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A B C adding altitude apply base called centre chord circ circle circumference coincide common cone Consequently considered construction contain convex surface cube cylinder definition demonstrated described determine diameter difference direction distance divided draw drawn entire equal equivalent evident expressed extremities faces fall feet figure frustum geometry given gles greater half height Hence homologous inches inscribed intersection length less manner mean measure meet middle namely number of sides object oblique parallel parallelogram parallelopiped pass perimeter perpendicular placed plane polygon position preceding prism proportion proposition proved pyramid radii radius ratio reasoning regular polygon remain represent respect right angle sector segment sides similar solidity sphere square straight line Suppose surface taken term third tion triangle triangular true unit vertex vertices zone
Page ii - Co. of the said district, have deposited in this office the title of a book, the right whereof they claim as proprietors, in the words following, to wit : " Tadeuskund, the Last King of the Lenape. An Historical Tale." In conformity to the Act of the Congress of the United States...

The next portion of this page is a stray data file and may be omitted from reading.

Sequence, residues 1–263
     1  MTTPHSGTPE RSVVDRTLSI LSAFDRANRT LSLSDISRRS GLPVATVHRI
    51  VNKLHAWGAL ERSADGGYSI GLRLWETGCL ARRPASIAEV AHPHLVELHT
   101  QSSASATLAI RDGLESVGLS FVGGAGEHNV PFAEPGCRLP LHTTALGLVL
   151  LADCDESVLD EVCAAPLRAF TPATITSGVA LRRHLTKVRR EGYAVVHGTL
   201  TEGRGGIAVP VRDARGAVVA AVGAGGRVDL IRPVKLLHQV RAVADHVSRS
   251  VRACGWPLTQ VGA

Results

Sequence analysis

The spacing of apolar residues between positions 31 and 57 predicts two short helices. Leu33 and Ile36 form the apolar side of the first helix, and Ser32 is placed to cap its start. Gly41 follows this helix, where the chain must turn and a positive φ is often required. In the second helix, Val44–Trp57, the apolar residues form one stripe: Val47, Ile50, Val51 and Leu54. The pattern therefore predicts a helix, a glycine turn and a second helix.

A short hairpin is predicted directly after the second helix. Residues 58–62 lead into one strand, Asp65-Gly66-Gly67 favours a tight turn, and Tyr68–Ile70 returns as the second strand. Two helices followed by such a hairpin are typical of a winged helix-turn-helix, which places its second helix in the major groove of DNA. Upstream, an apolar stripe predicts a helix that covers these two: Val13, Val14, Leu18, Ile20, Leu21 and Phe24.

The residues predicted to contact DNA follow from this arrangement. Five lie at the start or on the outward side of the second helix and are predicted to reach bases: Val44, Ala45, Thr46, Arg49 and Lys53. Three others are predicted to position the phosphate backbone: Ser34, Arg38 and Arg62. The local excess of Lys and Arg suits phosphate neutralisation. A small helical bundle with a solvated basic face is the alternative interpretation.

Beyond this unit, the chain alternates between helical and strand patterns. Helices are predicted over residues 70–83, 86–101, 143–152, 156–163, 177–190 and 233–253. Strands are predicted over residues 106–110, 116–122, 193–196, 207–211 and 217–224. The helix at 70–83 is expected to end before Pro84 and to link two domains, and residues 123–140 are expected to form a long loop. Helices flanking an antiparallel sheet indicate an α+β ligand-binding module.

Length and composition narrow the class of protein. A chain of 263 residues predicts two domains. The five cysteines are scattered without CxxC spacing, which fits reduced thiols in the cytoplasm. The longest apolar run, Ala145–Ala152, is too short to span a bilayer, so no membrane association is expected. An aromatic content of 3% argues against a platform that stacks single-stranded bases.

Page 30 - The areas of two triangles which have an angle of the one equal to an angle of the other are to each other as the products of the sides including the equal angles. D c A' D' Hyp. In triangles ABC and A'B'C', ZA = ZA'. To prove AABC = ABxAC. A A'B'C' A'B'xA'C' Proof. Draw the altitudes BD and B'D'.
Page xiv - LET it be granted that a straight line may be drawn from any one point to any other point.
Page 25 - In any proportion, the product of the means is equal to the product of the extremes.
Page 38 - The perimeters of two regular polygons of the same number of sides, are to each other as their homologous sides, and their areas are to each other as the squares of those sides (Prop.
Page 25 - Multiplying or dividing both the numerator and denominator of a fraction by the same number does not change the value of the fraction.
Page xiv - Things which are equal to the same thing are equal to one another. 2. If equals be added to equals, the wholes are equal. 3. If equals be taken from equals, the remainders are equal. 4. If equals be added to unequals, the wholes are unequal. 5. If equals be taken from unequals, the remainders are unequal. 6. Things which are double of the same are equal to one another.
Page 42 - The area of a trapezoid is equal to the product of its altitude, by half the sum of its parallel bases.